C: Where are you going?
    Me: To/from the river/home.
    C: You can’t do that, it’s not allowed.
    Me: Yes I can, where does it say I can’t tow my boat with my bicycle.
    C: Well you can’t tow behind a motorcycle
    Me: But I’m not riding a motorcycle.

    It was usually around this point, the constable would radio just Sergeant for advice, before wishing md well and advising me to be careful, especially at the junctions…

    These days, it’s just the groceries, in a fancy German made trailer with a wooden flatbed, although I’m planning to test our new Domestic Waste Recycling Centre soon, to see what their reaction will be to someone not coming by car (pedestrians are specifically forbidden, but they don’t actually say anything about bicycles 😁)

  10. Richard Luff


    Now back in the 90s when I rode a Kawasaki GT750 motorcycle, I managed to blow up the engine. Trying to do things on the cheap and trying to do the main work or motorcycle repair myself meant taking the engine apart to detach the engine cylinder block. The cheapest place I could find to do a rebore of the engine was about 3 miles away. Being something of a mountaineer I had a Karrimor 80-100 litre rucksack which was very robust with great straps hip belt and all. It was not easy to cycle the 3 miles to the rebore workshop with 65kg of motorcycle engine strapped on my back on my push bike but I got there and collected the engine after some days also cycling back. Cycling with another push bike bungeed to my back was no real challenge after that.

  11. Arnold


    40+ years ago brought home an ironing board on bike, then carried 3metre length of plastic gutter home fortunately not far as bloody awkward.
    8yrs ago tied large 8×3”2mtr long to both sides of bike steel Trek 520D touring bike wood was for burning in stove that journey was Apex.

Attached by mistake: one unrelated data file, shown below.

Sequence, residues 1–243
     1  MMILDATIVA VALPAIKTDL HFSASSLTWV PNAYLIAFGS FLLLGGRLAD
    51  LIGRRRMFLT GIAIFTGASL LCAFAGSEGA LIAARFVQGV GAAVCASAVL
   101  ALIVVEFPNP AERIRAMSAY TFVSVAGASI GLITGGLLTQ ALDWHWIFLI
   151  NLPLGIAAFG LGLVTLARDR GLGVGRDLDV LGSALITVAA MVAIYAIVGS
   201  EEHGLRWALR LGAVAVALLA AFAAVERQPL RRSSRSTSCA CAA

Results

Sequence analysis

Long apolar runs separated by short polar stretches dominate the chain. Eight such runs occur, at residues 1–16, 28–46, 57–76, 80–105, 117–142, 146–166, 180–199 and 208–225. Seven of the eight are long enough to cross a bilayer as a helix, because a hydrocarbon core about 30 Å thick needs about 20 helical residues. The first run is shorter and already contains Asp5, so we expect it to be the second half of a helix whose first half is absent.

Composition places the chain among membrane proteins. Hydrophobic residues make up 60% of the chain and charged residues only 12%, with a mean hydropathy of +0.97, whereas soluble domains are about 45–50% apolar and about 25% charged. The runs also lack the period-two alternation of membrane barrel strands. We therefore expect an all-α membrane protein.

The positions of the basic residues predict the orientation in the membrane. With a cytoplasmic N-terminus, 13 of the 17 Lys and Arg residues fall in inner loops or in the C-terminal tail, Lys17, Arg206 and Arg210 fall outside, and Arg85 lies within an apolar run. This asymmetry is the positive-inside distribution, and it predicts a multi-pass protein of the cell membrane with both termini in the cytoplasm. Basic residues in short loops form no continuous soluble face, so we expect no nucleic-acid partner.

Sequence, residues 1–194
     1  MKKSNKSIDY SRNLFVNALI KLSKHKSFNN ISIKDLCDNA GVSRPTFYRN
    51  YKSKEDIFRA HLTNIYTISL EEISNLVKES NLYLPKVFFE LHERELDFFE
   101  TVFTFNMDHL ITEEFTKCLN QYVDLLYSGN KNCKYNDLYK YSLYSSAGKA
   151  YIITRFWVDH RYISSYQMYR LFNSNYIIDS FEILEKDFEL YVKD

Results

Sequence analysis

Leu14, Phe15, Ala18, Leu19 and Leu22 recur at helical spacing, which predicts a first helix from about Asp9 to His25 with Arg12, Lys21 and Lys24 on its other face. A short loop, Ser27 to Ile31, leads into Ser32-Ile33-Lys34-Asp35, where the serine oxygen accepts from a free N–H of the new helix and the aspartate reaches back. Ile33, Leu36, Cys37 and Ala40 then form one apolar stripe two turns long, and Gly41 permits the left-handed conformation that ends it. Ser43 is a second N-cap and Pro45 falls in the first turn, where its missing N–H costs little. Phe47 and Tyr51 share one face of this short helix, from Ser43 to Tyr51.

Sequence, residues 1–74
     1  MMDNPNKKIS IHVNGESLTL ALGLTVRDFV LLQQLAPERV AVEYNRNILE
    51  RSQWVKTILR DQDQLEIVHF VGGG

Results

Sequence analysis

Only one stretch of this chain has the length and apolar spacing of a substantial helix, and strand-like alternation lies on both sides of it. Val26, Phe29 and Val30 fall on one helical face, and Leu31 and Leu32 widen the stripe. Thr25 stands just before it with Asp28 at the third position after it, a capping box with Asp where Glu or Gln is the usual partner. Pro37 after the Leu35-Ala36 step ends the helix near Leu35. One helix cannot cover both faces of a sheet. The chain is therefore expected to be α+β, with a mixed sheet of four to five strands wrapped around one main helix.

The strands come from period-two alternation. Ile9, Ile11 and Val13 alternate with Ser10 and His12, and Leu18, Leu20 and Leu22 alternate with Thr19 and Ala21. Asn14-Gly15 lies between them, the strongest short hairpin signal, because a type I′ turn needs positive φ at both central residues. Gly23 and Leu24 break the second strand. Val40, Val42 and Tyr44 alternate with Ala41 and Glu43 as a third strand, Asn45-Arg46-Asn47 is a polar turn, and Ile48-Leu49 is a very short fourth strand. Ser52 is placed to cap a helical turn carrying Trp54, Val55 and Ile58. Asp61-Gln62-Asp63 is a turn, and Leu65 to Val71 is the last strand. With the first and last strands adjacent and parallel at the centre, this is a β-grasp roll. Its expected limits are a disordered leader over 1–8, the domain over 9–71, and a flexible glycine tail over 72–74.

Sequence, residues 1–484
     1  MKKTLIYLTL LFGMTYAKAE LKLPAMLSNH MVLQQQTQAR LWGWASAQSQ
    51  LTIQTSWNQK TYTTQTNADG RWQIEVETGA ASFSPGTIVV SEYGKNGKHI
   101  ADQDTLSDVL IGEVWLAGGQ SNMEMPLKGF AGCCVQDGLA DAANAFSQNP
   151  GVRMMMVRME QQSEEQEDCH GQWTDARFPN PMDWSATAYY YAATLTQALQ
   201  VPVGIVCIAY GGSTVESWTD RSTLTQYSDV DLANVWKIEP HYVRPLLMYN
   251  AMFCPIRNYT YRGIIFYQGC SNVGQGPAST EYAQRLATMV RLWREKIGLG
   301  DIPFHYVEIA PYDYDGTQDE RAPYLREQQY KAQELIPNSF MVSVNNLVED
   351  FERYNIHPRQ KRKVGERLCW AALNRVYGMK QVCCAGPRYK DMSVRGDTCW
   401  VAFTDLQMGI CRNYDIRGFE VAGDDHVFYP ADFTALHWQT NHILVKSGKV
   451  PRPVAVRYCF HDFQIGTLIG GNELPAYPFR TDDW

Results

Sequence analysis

Recently carried 2 mtr lengths of cold water overflow pipes to make a stand to display pictures of activity’s Chester Cycle Campaign been doing At exhibitions it’s Called “thingy”.

  12. Pete Clark


    I used to go fishing with a 12ft rod on my bike and my tackle bag slung over my back. I used to pretend I was a knight jousting with a lance!

  13. Mags


    Cycling in Hungary and visiting the local market, I saw a farmer who had just bought three (live) piglets. They were bundled into a sack and fastened onto the back carrier of his ancient bike!
    Bit I’ve carried nothing more unusual than the standard camping gear, with two rear panniers, two front panniers, handlebar bag, tent and bedding roll, along with 3 water bottles, across three continents.

  14. TD


    A high chair
    Tall pot plants – upright in paniers either side of the carrier
    A few more…..needs must!

  15. Mark Kuramoto-Headey


    When living in Indonesia, I would see all sorts carried on bikes. I well remember a bloke with 2 sheep, slung like panniers over the rear carrier.